And with that, here are more legitimate questions and my answers, including — could Khabib return to the Octagon?


Who will fight for the heavyweight title next? — jccotter10 via Instagram

I’m lumping these two questions together because I think they will be related. UFC 281 at New York’s Madison Square Garden is the next big spot on the 2022 calendar for the promotion. Typically, the UFC likes to make as big a splash as it can at MSG — with past main events featuring Conor McGregor, the BMF belt and the heavyweight title. Currently, there isn’t a bigger fight to make than Jon Jones vs. Stipe Miocic for the interim heavyweight championship.

McGregor likely won’t be back this year from the broken leg he suffered in July 2021 against Dustin Poirier. Nate Diaz and Jorge Masvidal, two other big stars the UFC could feasibly have headline MSG again, are stuck in different kinds of limbo. Diaz’s aforementioned contract dispute with the UFC, versus Masvidal’s legal issues in Florida stemming from an alleged attack on rival Colby Covington outside the Octagon.

Jones is a New York native and has never fought at Madison Square Garden. Miocic is the most successful UFC heavyweight champion and also has yet to fight in MSG. It would make sense for that one to be the UFC’s feature fight on Broadway, the kind of big-money fight the promotion would love to be on the marquee. It could be sold legitimately as the best heavyweight ever versus the best light heavyweight ever.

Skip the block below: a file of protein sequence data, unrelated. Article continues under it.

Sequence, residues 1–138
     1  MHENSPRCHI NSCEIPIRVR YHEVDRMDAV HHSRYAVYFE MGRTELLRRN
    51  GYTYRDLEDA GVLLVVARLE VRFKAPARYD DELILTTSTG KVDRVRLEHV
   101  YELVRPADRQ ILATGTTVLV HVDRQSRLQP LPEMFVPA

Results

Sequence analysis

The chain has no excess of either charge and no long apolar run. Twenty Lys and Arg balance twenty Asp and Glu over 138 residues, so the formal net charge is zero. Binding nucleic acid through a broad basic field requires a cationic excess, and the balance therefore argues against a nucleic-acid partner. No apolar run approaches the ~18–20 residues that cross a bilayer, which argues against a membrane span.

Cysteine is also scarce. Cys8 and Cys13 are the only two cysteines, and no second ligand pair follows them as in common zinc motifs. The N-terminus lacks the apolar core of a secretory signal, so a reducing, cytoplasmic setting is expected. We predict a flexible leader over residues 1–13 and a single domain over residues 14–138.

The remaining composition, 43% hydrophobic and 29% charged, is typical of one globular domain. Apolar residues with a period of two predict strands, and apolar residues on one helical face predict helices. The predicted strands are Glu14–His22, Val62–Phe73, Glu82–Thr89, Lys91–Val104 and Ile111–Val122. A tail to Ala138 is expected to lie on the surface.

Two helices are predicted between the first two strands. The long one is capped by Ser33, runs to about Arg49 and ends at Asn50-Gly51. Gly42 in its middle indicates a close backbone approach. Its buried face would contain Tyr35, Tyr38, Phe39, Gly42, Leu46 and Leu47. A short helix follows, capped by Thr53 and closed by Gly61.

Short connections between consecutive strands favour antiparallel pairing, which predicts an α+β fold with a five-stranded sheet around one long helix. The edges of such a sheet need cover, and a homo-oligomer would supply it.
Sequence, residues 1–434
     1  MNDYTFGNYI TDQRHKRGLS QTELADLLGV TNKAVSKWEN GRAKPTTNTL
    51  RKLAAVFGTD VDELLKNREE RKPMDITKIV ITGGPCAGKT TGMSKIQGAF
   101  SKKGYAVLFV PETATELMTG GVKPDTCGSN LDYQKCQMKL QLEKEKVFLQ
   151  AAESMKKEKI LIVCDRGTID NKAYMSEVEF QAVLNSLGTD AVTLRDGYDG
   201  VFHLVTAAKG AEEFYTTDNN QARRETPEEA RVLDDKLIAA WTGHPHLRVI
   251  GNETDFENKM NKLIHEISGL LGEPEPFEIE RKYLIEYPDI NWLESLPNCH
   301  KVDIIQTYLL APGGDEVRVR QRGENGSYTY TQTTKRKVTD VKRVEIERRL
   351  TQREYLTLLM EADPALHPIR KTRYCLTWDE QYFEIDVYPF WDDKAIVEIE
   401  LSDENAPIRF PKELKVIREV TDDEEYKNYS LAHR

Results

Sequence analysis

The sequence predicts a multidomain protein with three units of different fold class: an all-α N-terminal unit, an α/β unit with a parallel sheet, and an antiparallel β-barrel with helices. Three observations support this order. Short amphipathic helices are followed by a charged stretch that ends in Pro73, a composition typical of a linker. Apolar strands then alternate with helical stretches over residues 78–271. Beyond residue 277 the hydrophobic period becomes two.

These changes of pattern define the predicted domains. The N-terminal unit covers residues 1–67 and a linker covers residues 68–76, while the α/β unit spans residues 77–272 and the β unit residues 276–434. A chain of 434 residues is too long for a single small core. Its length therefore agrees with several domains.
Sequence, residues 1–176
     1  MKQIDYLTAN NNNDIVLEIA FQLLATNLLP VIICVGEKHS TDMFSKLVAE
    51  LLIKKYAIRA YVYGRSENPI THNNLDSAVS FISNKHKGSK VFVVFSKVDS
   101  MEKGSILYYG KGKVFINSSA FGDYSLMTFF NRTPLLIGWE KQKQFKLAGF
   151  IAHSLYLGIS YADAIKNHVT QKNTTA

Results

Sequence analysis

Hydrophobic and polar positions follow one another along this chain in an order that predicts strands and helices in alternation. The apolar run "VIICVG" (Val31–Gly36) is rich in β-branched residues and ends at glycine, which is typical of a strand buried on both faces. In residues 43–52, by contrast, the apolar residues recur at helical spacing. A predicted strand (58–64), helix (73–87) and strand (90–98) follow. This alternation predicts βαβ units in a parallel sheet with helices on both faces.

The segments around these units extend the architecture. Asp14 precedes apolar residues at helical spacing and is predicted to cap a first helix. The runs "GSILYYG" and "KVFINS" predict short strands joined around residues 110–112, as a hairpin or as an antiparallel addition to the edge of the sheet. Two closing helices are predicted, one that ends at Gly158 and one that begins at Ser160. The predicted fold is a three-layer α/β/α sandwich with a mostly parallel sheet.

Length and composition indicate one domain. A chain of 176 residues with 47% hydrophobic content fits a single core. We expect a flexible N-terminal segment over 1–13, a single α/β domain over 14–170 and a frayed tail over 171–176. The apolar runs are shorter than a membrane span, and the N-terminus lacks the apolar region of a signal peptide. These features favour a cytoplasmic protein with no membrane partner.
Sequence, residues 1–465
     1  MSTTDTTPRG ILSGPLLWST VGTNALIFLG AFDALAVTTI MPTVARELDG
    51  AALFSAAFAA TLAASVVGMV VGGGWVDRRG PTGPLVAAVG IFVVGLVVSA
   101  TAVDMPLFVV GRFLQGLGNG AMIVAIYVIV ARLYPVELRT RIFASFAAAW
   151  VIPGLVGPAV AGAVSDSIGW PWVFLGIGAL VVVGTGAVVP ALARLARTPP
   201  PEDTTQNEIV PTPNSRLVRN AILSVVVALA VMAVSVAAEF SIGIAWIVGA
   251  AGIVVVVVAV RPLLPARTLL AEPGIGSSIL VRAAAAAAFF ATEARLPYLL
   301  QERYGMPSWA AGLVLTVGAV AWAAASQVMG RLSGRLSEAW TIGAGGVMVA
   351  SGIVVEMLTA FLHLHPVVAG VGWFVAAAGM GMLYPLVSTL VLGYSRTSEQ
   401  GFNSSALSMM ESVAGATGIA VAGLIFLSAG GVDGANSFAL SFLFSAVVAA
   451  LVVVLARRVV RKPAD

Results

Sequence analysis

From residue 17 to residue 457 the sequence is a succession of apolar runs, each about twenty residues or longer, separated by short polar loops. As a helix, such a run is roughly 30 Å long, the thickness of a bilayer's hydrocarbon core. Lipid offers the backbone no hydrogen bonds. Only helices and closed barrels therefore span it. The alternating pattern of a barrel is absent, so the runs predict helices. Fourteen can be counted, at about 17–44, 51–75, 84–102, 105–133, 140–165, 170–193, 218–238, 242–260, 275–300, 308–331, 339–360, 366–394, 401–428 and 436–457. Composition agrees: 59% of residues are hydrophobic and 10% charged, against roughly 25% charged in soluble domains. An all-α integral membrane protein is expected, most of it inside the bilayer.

That said, the elephant in the room regarding Jones, Miocic and the future of the heavyweight division is Francis Ngannou. He is still recovering from knee surgery he underwent in March and has said he could return in either late 2022 or early 2023. A late 2022 return for Ngannou seems ambitious, judging solely from past knee ligament tears. Then again, Ngannou has defied the odds more than most, so who knows?

There’s also the matter of Ngannou’s contract situation with the UFC. His team believes he will be an unrestricted free agent in January, free to seek out a massive boxing match with Tyson Fury potentially. The UFC wants him back; he is the heavyweight champion and one of the most marketable fighters on the roster. Ngannou has said he’d love to sign back with the UFC if the promotion also lets him box contractually, which would be an unprecedented arrangement with the UFC. The UFC’s major card it can dangle to Ngannou is a fight with Jones. Ngannou has already fought Miocic twice, going 1-1. The trilogy would be a big fight, no doubt. But Ngannou vs. Jones for the heavyweight belt? That’s a historic battle. You’d have to wonder if the UFC will exhaust all possibilities of making that happen at some point before it rolls the dice on Jones vs. Miocic for the interim belt.

As for other potential headliners for MSG, I could see Israel Adesanya vs. Alex Pereira for the middleweight title as a contender. Adesanya is one of the biggest stars in the UFC, and there are many Brazilians in the New York metropolitan area to support Pereira. Plus, Pereira has been training with Glover Teixeira in Connecticut, not far away from Manhattan. Teixeira challenging Jiri Prochazka for the light heavyweight belt that Prochazka just took from him wouldn’t be the worst option, either. It would be a rematch of one of the greatest UFC fights ever. You could put Carla Esparza vs. Zhang Weili on that card as a co-main event, as New York has a large Chinese and Chinese American population.